Two weeks before Christmas, half the population is in a panic to find the
perfect gift. Drones, those unmanned flying objects long used by the military
but increasingly used by photographers and civilian flight enthusiasts,
might come to mind. They are interesting toys for some and tools of the
trade for others, depending on how they are used and who is using them.
A roofing contractor can use a drone mounted camera to take photos of a
damaged roof without having to get a ladder out. I use mine to take aerial
photos of accident sites for my legal cases. Others buy them just for
entertainment, because they like to fly remote controlled aircraft. The
word "aircraft" might tip off where I'm going with this.
Are drones truly aircraft in the sense that their operators have to be
licensed by the FAA? In 2012, Congress exempted drone hobbyists from regulation.
Commercial operators like photographers working for hire, the roofing
contractor I mentioned a moment ago, and I are not exempted when we use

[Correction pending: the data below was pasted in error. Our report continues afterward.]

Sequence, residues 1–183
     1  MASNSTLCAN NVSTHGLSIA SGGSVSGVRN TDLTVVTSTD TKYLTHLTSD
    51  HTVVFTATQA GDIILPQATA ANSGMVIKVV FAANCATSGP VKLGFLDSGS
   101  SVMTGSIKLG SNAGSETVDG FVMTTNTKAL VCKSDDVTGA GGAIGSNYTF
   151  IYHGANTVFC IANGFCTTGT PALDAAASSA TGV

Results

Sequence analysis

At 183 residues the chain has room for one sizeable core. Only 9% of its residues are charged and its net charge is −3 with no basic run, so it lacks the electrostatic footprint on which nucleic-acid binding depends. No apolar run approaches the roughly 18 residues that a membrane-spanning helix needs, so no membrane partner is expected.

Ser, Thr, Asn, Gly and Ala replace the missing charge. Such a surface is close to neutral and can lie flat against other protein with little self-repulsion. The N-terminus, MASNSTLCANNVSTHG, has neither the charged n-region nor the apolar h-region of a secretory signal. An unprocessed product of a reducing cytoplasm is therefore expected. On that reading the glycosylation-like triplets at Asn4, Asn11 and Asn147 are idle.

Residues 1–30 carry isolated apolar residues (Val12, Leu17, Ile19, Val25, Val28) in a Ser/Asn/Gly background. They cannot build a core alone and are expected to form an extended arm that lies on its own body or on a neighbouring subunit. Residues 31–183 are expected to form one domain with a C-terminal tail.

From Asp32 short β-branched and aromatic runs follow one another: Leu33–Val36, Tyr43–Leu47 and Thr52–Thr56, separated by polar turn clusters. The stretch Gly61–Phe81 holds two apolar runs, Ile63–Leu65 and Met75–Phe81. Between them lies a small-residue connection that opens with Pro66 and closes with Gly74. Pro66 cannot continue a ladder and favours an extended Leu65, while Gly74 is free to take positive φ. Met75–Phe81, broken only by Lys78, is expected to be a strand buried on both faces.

our drones for work. It didn't seem to register in the minds of the
people we elected to Congress that a drone can be flown by a person using
it as a toy into the side of a building, over a crowded football stadium,
or into somebody's skull just as fast as a commercial user can.
Last month, the National Transportation Safety Board declared that drones
are indeed aircraft. That being the case, it is likely that the FAA will
be provoked into regulating recreational drone flights in addition to
the already regulated flights for commercial purposes. It's even possible
that the FAA will require drone operators to fly their equipment under
the same rules that exist for airplane pilots.
So before buying a drone for someone in your family, you might want to
consider how burdensome those regulations could be. For example, airplane
pilots have to be trained, tested, and subsequently retrained every two
years, and their aircraft have to be registered and inspected annually.
I'm lucky to be an airplane pilot anyway, so regulations like this
wouldn't pose a problem, but for most people, they would be very burdensome,
enough to make almost anyone adopt the words of Ebenezer Scrooge, "Bah,